Day 178 - Dear Grandpoohbag
Updated: May 8, 2020
I received this message the other day in response to my "All The Lonely People" post. I am re-printing here so that you can all see this man’s kind words, his pain and his recovery. I would also like to share with everyone my response.
Google brought me to your blog by accident; I have no idea what I was actually searching for that caused the algorithm to send me here. I don't really do the whole social media thing, so it was very serendipitous that I ended up here tonight. I have read several of your entries but the idea of going back through 170 or so daily posts is a little daunting right now. However, Day 172 in particular touched me in an unexpected way. I have been a widower for six years now after 34 years of marriage. It took about two years to get past the shock of my wife's passing -- to get to that point where I was compelled to recognize that the life we had planned was not going to happen, and the life I now have was going to be my new reality. Initially, the 'business' aspect of bereavement (selling our house, moving into smaller quarters, disposing of her personal belongings and finding new homes for her treasures, etc.) kept me busy on a quotidian basis so that I was not constantly faced with the question "What am I going to do now?" I just did what had to be done that day. Tomorrow's fires could wait until tomorrow.
Over the past two years or so, as the worst of the pain has receded, it is harder and harder to avoid facing "What am I going to do now?"
I miss my wife every day, and I still cry occasionally when some particularly poignant memory breaks through my defenses. More recently I've realized that, beyond the loss of the person, I miss what you called 'the feeling of being connected.' I miss having someone to bring flowers home to. I miss having someone to buy things for. I miss having someone to call out to when I see something particularly interesting or funny on TV or the computer. Valentine's Day is no fun. However, after reading your post, I realized that I needed to, as you wrote, 'separate the feeling from the person.' Even though I have come to terms with the loss of the person, I still have the feelings that living with her engendered; they are just not tethered to anyone specific.
I'm not a religious or spiritual person. I am too detached, analytical and skeptical and I struggle to keep my cynicism under control. These characteristics have not served me well lately because my struggle was (and is) metaphysical rather than physical. However, reading your blog gives me a perspective that I could not access on my own, and for that I am grateful.
Thank you so much for your comments. Thank you for sharing your heart and pain. Thank you for taking the time to reach out to me and to allow me entrance to this most private and personal world. I am so very sorry for your loss. Your wife sounds like a wonderful woman that was worth all of the grief you have felt since she passed. From your words, I get an image in my mind of a happy couple enjoying their lives, laughing, loving and sharing in all of life’s mundanity. I am sure that living without her now, life seems more hollow and empty. I applaud your courage and fortitude in moving on and forward. I am sure there were many times you thought about giving up. Perhaps still do...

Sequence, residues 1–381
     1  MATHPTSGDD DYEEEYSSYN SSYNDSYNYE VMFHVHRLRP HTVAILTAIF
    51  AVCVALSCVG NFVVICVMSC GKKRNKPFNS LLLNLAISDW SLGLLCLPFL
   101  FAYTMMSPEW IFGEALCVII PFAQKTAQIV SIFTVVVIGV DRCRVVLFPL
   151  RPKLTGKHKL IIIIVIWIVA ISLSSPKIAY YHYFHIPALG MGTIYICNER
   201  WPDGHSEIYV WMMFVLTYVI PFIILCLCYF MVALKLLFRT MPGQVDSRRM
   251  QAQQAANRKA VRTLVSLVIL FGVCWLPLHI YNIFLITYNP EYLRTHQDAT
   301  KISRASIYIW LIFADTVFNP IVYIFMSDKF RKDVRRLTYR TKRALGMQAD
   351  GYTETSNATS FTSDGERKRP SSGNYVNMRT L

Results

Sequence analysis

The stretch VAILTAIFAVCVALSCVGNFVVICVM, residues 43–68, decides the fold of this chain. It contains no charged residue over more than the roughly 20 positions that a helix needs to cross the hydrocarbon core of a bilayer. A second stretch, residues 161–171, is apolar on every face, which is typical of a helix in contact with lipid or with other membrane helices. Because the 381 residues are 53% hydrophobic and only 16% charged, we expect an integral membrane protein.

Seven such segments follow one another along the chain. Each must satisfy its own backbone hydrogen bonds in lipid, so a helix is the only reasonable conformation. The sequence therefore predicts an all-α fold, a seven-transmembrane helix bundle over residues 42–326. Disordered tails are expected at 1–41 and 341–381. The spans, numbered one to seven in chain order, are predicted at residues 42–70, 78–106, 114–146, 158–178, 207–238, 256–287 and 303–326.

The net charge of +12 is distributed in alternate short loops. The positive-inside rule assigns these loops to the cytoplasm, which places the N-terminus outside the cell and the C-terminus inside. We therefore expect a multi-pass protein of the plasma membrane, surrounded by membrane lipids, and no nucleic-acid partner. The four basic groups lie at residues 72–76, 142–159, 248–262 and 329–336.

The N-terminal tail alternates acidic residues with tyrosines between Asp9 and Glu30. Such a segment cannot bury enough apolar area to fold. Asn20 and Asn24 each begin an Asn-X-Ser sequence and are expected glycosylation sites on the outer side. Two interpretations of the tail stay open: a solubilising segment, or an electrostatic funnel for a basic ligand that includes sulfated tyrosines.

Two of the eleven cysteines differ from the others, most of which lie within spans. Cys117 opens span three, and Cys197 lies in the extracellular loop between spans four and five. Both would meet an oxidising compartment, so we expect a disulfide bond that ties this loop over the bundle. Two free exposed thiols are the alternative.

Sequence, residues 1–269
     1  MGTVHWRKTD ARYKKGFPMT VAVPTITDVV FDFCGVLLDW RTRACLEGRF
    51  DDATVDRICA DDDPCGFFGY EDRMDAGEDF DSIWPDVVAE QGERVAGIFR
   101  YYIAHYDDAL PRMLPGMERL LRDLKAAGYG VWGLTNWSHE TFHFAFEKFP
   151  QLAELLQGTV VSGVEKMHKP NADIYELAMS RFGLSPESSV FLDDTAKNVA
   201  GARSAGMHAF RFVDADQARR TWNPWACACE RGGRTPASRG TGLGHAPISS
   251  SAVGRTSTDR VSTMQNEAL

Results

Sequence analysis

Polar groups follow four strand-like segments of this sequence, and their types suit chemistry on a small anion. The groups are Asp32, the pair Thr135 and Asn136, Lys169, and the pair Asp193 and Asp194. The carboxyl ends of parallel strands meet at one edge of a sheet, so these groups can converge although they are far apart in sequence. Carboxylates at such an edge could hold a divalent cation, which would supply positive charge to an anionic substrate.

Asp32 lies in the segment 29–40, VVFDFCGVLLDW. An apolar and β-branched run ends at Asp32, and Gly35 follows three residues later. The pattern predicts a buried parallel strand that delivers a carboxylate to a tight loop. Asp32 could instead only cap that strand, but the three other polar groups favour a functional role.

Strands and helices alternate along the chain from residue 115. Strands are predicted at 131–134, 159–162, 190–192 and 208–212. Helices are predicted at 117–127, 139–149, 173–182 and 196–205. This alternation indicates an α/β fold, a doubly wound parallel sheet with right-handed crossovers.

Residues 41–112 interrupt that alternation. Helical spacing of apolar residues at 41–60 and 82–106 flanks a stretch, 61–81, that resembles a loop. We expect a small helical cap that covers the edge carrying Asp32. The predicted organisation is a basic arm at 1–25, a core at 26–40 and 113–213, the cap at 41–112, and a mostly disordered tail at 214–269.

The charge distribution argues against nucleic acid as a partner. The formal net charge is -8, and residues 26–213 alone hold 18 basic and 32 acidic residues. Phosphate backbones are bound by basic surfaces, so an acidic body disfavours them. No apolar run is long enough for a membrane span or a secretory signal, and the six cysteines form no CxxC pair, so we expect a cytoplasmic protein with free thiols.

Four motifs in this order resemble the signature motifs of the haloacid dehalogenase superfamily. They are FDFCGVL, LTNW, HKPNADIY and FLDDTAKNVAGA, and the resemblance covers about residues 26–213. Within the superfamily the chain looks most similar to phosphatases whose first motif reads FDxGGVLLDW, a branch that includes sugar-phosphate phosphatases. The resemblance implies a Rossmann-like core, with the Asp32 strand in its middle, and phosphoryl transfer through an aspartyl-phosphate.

I do not know what it is like to love someone that much for that long. I marvel at how people do what you have done: met, fallen in love, committed your life to each other, lived every single day within a marriage, weathered the years of change and the years of no change, loved each other through it all. I can’t even fathom the loss you have suffered. How much her absence costs you still. How much you might stop at nothing for one more moment in her presence. I can literally feel your pain in the words you shared. The fact that you still cry sometimes is, to me, evidence of the depth of feeling you enjoyed that belies your assessment that you are “too detached, analytical, skeptical and struggle to keep your cynicism under control.” Seems to me, that your ongoing grief is evidence of how very much you are not detached, too analytical or skeptical. Cynics do not love like that my friend. Perhaps the cynicism is just a needed cover for a vulnerable soul?
The heart is a magnificent place. The heart is the place where all reason, logic and sound decisions are abandoned. The heart doesn’t care about those things. It has no use for them. They are not helpful in matters of the heart. Regardless of the people who share their hearts, there is always a place left open for love, passion and intimacy to grow despite all the reasons and logic that might tell you something different about the person you love. That might tell you something different about yourself.